3 Going Out: A guide to area entertainment and attractions May 2014 Come d ian Bi ll Engva ll brings stand-up routine to Brighton in MayBRIGHTON — On Friday, May 23, Seminole Casino Brighton (SCB) is the place to see the brilliantly funny actor and stand-up comedian Bill Engvall. Most wellknown for his work in the hugely successful “Blue Collar Comedy Tour,” the Texas native will h ave you r olling in the aisles. Tickets are $55 and may be purchased at the Casino Cash Cage or by calling 800-360-9875. With $12,000 in Free Play up for grabs, you’ll want to be sitting in the Hot Seat with your Player’s Club card inserted in your machine on Fridays, May 2, 9, 16, 23 and 30, from 9 a.m. to noon and again from 9 p.m. to midnight. Each hour we’ll pick four lucky winners to receive $100 in Free Play. Ten lucky Player’s Club members will be wearing happy hour smiles after winning $500 on Tuesdays, May 6, 13, 20 and 27, from 3 p.m. to 7 p.m. Play at the lucky chosen hot seat with your card inserted, and feel the temperature and excitement rise! This Mother’s Day, treat her to a savory brown sugar glazed baked ham, scalloped potatoes, green bean casserole and deliciously rich chocolate cake for only $10.95 at Josiah Restaurant & Lounge. Enjoy this special on Sunday, May 11, from 11 a.m. to 9 p.m. Win your share of $2,500 cash in our Progressive Cash Drawings, held on Thursday, May 15, from 2 p.m. to 6 p.m. Any unclaimed prizes will roll over to the next drawing, giving the last winner a chance to receive up to $2,500. March Madness? At SCB, the madness comes in May with May Mad Money! On Saturday, May 17, from 9 a.m. to 11 a.m. and again from 2 p.m. to 4 p.m., 10 winners will be drawn and will each walk away with $1,000. On Tuesday, May 20, at 7 p.m., it will be time to turn down the lights and turn up the fun! Party Bingo is back at SCB, and participants can enjoy dancing, glow products, games and giveaways. There will be a $10 door pack and up to $1,500 in cash prizes available. One must be 18 to party and 21 or older to drink. Make it a Memorial Day Weekend to remember. In celebration of our troops and the long weekend, on Saturday, May 24, Sunday, May 25, and Monday, May 26, 50 lucky players will win $100. With odds as good as these, excitement will be running high! Drawings will be held from 10 a.m. to noon and 3 p.m. to 5 p.m. on May 24, and from 10 a.m. to noon and 5 p.m. to 7 p.m. on May 25 and May 26. Looking for another exciting way to celebrate? Join us for Memorial Day Bingo on Monday, May 26, at 2 p.m. for your chance at $12,000 guaranteed in jackpot games. There will be a $70 buy-in and $75 with computer games. Regular games pay $750. On Saturday, May 31, at 10 p.m., one lucky player will tame the open road in a new Ford Mustang. The original Pony car is now more capable — and more fun — than ever before. Swipe your Player’s Card for a free entry every day and earn entries each time you play. Stop by for the grand prize drawing and you may le ave with a stylish Mustang. On Saturday, June 28, SCB will host a Qualifying Satellite Texas Hold’em Free Roll Tournament, giving players a chance to win a $5,300 seat in the $5 million Seminole Hard Rock Poker Open. The top 15 players with most hours of play will earn entry into the tournament. Twenty hours minimum of recorded play are needed to qualify. Please contact the casino or visit www.seminolebrightoncasino.com for information on bus transportation and group packages. See the Player’s Club for promotion details. One must be at least 21 years old and a Seminole Player’s Club member to participate. If you or someone you know has a gambling problem, please call 1.888.ADMIT.IT. About Seminole Casino Brighton Seminole Casino Brighton is a 27,000-square-foot casino with 421 slot and gaming machines, live action blackjack e-tables, a six-table poker room, and highstakes bingo action, and Josiah, a full-service restaurant and lounge. Its warm and friendly sta ultra-modern air-conditioning system, clean atmosphere, and rewarding casino promotions are a welcome alternative to big city gaming. The casino also recently opened a new area with 30 slots for those who prefer to play slot machines in a smoke-free environment. The Seminole Casino Brighton is located on the Brighton Indian Reservation, 17735 Reservation Road, Okeechobee, FL 34974. For more information, call toll-free 800-360-9875 or 863-467-9998.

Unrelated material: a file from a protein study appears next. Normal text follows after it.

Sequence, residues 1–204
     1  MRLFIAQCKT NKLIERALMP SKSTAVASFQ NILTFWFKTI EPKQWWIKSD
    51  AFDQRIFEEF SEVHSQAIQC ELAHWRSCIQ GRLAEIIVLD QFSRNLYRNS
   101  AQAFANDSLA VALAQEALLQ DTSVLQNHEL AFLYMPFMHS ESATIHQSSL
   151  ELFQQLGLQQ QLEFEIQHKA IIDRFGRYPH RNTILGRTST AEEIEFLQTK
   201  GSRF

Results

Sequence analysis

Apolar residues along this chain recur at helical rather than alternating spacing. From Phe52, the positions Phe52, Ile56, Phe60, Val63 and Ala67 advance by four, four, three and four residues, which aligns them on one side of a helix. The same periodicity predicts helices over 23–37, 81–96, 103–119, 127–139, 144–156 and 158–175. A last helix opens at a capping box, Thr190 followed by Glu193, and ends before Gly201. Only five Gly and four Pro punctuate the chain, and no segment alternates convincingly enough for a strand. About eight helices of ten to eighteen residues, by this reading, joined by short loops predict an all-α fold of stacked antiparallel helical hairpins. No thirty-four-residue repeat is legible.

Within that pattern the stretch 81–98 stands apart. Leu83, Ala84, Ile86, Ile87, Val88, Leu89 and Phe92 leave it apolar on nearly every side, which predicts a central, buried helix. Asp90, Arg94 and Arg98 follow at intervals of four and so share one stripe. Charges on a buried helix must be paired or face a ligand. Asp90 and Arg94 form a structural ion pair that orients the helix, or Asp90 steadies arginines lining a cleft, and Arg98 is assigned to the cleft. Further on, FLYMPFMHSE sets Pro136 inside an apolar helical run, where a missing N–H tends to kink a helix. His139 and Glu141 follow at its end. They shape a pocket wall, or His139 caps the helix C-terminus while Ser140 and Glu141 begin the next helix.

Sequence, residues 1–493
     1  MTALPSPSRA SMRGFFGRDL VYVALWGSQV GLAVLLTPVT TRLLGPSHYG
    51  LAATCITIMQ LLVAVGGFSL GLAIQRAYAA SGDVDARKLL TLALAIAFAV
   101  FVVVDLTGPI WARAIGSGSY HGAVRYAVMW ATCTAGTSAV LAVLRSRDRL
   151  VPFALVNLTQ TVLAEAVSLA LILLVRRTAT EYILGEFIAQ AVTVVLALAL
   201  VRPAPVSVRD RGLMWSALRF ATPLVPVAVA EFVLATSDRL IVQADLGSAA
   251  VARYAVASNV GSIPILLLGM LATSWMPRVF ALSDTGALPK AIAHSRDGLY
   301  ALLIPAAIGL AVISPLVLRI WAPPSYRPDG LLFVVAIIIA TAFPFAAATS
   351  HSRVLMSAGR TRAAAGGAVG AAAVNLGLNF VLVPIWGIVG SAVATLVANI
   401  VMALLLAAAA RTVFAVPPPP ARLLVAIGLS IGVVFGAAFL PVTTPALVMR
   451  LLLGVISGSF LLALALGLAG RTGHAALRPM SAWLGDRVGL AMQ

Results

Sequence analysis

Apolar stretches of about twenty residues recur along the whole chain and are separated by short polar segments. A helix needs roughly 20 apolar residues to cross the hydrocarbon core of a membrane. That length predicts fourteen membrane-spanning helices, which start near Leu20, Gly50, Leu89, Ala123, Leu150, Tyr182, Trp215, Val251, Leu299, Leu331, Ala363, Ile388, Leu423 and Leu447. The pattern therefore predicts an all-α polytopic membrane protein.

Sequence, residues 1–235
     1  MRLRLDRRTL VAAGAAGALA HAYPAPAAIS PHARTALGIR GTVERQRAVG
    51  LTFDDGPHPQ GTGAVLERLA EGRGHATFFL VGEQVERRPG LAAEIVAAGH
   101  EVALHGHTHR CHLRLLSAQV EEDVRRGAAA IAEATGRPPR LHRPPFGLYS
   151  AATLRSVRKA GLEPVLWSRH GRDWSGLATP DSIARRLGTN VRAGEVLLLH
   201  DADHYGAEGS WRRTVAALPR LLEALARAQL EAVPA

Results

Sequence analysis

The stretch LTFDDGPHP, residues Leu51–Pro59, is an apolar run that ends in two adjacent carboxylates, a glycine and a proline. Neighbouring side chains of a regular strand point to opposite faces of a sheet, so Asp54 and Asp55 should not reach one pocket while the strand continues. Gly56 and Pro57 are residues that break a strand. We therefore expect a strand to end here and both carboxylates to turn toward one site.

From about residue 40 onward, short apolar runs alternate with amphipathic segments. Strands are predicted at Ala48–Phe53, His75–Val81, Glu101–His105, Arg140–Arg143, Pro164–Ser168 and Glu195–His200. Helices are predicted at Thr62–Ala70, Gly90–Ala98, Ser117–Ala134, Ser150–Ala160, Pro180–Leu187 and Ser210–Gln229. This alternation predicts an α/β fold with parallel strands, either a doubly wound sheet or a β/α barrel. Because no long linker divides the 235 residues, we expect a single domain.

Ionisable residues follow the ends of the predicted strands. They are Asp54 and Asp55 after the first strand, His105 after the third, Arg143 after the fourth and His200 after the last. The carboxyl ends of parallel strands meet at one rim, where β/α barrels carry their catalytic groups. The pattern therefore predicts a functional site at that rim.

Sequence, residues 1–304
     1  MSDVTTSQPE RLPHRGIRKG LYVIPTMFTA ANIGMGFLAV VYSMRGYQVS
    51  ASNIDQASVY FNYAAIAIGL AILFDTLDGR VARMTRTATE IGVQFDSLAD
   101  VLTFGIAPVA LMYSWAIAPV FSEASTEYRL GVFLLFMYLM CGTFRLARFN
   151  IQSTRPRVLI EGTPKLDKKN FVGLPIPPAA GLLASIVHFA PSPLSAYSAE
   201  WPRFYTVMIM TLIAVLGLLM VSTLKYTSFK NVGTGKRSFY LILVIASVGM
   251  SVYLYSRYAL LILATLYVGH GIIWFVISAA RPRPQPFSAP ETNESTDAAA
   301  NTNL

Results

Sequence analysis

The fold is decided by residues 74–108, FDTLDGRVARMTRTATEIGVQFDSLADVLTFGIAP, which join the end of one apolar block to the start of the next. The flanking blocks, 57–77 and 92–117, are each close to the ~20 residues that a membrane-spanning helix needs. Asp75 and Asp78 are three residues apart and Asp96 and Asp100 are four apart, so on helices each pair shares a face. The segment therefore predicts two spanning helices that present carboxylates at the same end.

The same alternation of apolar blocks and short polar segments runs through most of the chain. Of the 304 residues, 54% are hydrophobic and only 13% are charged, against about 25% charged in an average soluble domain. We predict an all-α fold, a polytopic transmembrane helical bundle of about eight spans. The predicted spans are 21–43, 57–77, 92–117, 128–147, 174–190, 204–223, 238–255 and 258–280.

ARTS A LA CARTE! Serving Entertainment For All Tastes! 1977 COLLEGE DRIVE BELLE GLADE, FL 33430 BOX OFFICE 561.993.1160 The Doo-Wah Riders Tuesday, April 8 at 7:30 pm Auditions for Rapunzel are on Monday, May 12 at 4:00 pm at the Dolly Hand. Auditions are open to students grades K5-12 No preparation is necessary!RapunzelSaturday, May 17, 2014 at 11 am & 7 pmAnnouncing the 2014-2015 SERIESThursday, November 13, 2014 – Edvin Marton: Prince of the Violin Thursday, December 18, 2014 – American Big Band’s Home for the Holidays Tuesday, January 6, 2015 – Stormy Weather: The Story of Lena Horne Thursday, January 15, 2015 – How to Succeed on Broadway Thursday, January 29, 2015 – David Phelps in Concert Thursday, February 19, 2015 – Rock Legends: People’s Choice Tuesday, March 3, 2015 – Jekyll & Hyde Monday, March 23, 2014 – Seven Brides for Seven Brothers Tuesday, April 14 – Nashville Chicks With Hits Thursday, April 23 – The Aluminum Show 4 Going Out: A guide to area entertainment and attractions May 2014 At t h e t h eatre ... R a p u n z e l RapunzelBELLE GLADE — The Missoula Children’s Theatre will perform “Rapunzel” on Saturday, May 17, at 11 a.m. and 7 p.m. at the Dolly Hand Cultural Arts Center, 977 S.W. College Drive, in Belle Glade. Come see our local stars perform as The Missoula Children’s Theatre returns to the Dolly Hand Cultural Arts Center for its 20th annual production! Would it surprise you to know that the story of Rapunzel happened in France? Well it didn’t really, but our story takes you on a frivolous frolic through the French countryside. The Ogres garden in the mushroom patch while the corn and potato spies report back to Madame Gothel. Frenchy and his intense friends, the Wood Elves, do their best to help Rapunzel escape the grasp of Madame Gothel. Just when you think it’s safe to cross the bridge, a troll and three billy goats gru get in the way. It doesn’t help that the three bears (or is it four) confuse Rapunzel with Goldilocks and chase her through the forest. Add to that the gremlins trying to play tricks on everyone and you h ave chaos! Well, it’s not that bad because the pixies foil the gremlins’ plans most of the time! Following the 11 a.m. performance, enjoy refreshments and lots of fun activities sponsored by the Bank of Belle Glade and Glades Area Branches of the Palm Beach County Library System. Parents, bring your cameras for this event which is included in the price of admission. Purchase tickets online at http:// www.palmbeachstate.edu/theatre/dollyhand/or by phone at 561-9931160. I R S C IRSC s u m m e r summer s h o w s showsFORT PIERCE — Join the Indian River State College Performing Arts Department for their annual summer shows, and while summer temperatures rise, check out the hottest ticket in town. The rst show of the summer is “The Best of Berlin – Dessert Cabaret” May 15 and May 16 at 7 p.m. and May 17 at 2 p.m. in the Wynne Black Box Theatre. Join the talented IRSC musical theatre students for this summer’s cabaret featuring the music of Irving Berlin. The second McAlpin OnStage summer show is “A Thousand Cowboys,” a new musical by Tori Lee Averett. The show will run May 29, 30, 31 at 7 p.m. and May 31 at 2 p.m. “A Thousand Cowboys” features classic country tunes, memorable cowboy songs, and contemporary American music that promise to delight and entertain. Purchase tickets online at www.irsc.edu or at the box o ce located in the McAlpin Fine Arts Center lobby on the IRSC Main Campus at 3209 Virginia Ave. in Fort Pierce, Monday through Friday, 11 a.m. to 3 p.m., or by phone with VISA, MasterCard, Discover or American Express. For your convenience, tickets may now be picked up at will call before the shows. Call the McAlpin Fine Arts Center Box O ce at 772-462-4750 or toll-free at 1-800-220-9915. Seats are still available for this popular series, so contact the box o ce today to reserve tickets. PERFORMING A RTS